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Make your Goals SMART

Mar 29, 2021

Did you know that your goals should be SMART? What on earth does that mean?

SMART goals are just that, smart! They’re also:

S - Specific

M - Measurable

A - Achievable

R - Relevant

T - Timely

Specific - Goals should be clear and specific, so that you will be able to focus and feel motivated in achieving it! Try to focus on why you want to achieve the goal. What, exactly, are you trying to do? How are you going to get there?

Ex: I want to get back into my fitness routine after taking a break due to the pandemic.

Great goal, but let’s be more specific. What is or was your fitness routine? What do you want to make sure you accomplish?

Ex: I want to return to my 2019 schedule of working out 2 times per week with my trainer, and also commit to going for two runs per week.

Measurable - Goals should be quantifiable. You should be able to look back and clearly say “Yes, I did that” or “No, I did not accomplish that”. This makes it easier to track your progress and meet your deadlines.

Ex: “I want to run more miles per week”

What does “more” mean to you? What are you currently doing, and what’s the difference between that and your goal?

Better: During my two runs per week, I want to make sure I hit at least 8 miles.

Achievable - Nothing’s worse than setting yourself up for failure. Reach for the stars, sure, but be realistic. Goals should be achievable based on your body, your time, and your other obligations, while being difficult enough to be motivating and challenge you to break out of your current routine.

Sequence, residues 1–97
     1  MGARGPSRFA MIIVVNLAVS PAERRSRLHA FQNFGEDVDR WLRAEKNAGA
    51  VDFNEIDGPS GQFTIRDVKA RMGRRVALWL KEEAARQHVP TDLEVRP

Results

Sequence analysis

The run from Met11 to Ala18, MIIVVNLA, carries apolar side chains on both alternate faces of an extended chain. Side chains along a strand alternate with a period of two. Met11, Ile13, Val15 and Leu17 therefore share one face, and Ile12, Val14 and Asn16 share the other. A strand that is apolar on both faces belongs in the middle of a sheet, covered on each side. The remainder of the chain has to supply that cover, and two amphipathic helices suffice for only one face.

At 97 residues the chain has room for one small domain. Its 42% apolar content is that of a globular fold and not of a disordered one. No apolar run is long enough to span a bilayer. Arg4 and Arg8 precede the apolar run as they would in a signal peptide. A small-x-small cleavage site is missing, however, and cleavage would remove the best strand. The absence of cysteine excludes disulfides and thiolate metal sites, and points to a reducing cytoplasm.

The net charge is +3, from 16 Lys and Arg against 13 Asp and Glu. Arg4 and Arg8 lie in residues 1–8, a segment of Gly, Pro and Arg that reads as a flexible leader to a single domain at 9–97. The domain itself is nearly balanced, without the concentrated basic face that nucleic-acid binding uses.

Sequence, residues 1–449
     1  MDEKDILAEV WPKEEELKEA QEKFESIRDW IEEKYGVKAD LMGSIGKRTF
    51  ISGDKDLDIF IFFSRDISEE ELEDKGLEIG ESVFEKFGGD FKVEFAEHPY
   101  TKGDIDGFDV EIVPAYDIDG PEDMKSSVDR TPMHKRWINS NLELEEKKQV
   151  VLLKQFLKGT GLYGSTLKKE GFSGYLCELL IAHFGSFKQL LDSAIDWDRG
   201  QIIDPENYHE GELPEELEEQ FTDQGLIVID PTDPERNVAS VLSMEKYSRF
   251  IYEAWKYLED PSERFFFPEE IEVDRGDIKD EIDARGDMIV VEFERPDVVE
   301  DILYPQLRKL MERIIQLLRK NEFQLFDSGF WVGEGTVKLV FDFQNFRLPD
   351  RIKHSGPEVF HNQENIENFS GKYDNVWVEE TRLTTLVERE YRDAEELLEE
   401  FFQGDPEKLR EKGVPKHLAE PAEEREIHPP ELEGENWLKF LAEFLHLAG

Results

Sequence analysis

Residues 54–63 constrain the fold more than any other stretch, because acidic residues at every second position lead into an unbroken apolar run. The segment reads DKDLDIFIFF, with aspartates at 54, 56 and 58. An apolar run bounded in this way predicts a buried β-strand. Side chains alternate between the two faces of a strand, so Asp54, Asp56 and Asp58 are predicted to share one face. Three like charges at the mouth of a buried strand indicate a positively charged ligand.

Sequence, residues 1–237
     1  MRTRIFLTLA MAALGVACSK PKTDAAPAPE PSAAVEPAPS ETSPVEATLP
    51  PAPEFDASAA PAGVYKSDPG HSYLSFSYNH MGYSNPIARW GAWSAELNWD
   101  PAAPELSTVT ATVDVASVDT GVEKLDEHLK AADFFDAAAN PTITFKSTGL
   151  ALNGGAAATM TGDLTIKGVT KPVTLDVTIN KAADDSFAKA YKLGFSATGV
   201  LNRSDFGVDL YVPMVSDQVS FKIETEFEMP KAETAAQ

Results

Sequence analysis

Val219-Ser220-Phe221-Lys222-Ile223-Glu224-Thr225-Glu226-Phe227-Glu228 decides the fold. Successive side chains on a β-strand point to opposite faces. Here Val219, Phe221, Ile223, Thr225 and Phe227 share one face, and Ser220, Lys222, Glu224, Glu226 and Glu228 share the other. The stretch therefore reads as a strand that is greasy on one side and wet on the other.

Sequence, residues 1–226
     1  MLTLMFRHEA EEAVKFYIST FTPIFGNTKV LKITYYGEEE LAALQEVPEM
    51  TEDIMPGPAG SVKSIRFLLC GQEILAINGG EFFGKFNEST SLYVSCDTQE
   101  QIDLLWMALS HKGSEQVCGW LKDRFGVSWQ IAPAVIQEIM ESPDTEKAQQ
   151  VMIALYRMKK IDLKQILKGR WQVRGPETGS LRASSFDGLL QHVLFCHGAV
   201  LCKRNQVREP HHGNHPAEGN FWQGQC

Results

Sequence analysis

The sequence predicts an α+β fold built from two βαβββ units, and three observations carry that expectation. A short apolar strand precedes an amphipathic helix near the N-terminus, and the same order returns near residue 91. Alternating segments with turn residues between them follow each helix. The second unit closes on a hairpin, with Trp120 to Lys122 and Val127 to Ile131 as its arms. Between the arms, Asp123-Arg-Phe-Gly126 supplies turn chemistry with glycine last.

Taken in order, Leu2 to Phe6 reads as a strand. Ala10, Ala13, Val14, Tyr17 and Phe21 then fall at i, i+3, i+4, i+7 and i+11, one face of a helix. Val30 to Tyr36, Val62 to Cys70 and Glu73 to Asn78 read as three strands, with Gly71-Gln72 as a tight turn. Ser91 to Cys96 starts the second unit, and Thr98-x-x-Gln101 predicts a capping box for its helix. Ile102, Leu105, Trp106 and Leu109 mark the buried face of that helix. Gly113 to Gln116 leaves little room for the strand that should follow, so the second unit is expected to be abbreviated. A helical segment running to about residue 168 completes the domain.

Ex: I want to run a marathon.

Are you currently running half marathons with ease, and want to take the next step? Sounds achievable! But if you’re our person above, just getting going with 8 miles per week, let’s take it back a step. A great eventual goal is a marathon, but let’s start a little more realistic.

Better: I want to eventually run a marathon, starting with running a 10k.

Relevant - This goal needs to feel important to you and be in line with your other goals, both fitness related and not. Sometimes, in order to get to where we want to go we have to do some things that we don’t want to do (working out before work, anyone?) but the goal itself should be an exciting joy.

Ex: Still want to run that marathon!

Maybe this is a great goal for you. But if you’re someone prone to knee issues, maybe this isn’t a good choice. Maybe there is another goal that would still leave you feeling accomplished and proud without taxing your body potentially beyond repair.

Better: Since running exacerbates my knee problem, I want to swim a mile non stop.

Timely - Every goal needs a date attached to it. This gives you a timeline so that you can plan out the practice needed to achieve it.

Ex: I want to run a 10k.

What a specific goal! Great! But by when? Tomorrow? Maybe not achievable! Three years from now? Too easy!

Better: I want to run the Turkey Trot 10k in my city in November of this year.

Now get out there and make some goals. Create some SMART goals for yourself - Specific, Measurable, Achievable, Relevant, and Timely, and get out there and crush them. Make sure to share your goals with your trainer so they can support you in your journey!

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